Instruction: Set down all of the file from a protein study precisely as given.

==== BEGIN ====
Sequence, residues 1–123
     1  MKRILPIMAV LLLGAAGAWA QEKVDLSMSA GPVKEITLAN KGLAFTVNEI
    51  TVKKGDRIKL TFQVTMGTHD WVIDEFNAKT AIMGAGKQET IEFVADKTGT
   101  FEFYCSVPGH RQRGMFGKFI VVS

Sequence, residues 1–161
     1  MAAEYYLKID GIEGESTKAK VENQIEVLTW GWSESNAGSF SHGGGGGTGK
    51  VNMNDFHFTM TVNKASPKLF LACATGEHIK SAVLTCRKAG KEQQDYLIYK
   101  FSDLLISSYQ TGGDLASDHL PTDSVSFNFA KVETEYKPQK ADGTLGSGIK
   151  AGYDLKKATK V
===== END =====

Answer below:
Sequence, residues 1–123
     1  MKRILPIMAV LLLGAAGAWA QEKVDLSMSA GPVKEITLAN KGLAFTVNEI
    51  TVKKGDRIKL TFQVTMGTHD WVIDEFNAKT AIMGAGKQET IEFVADKTGT
   101  FEFYCSVPGH RQRGMFGKFI VVS

Sequence, residues 1–161
     1  MAAEYYLKID GIEGESTKAK VENQIEVLTW GWSESNAGSF SHGGGGGTGK
    51  VNMNDFHFTM TVNKASPKLF LACATGEHIK SAVLTCRKAG KEQQDYLIYK
   101  FSDLLISSYQ TGGDLASDHL PTDSVSFNFA KVETEYKPQK ADGTLGSGIK
   151  AGYDLKKATK V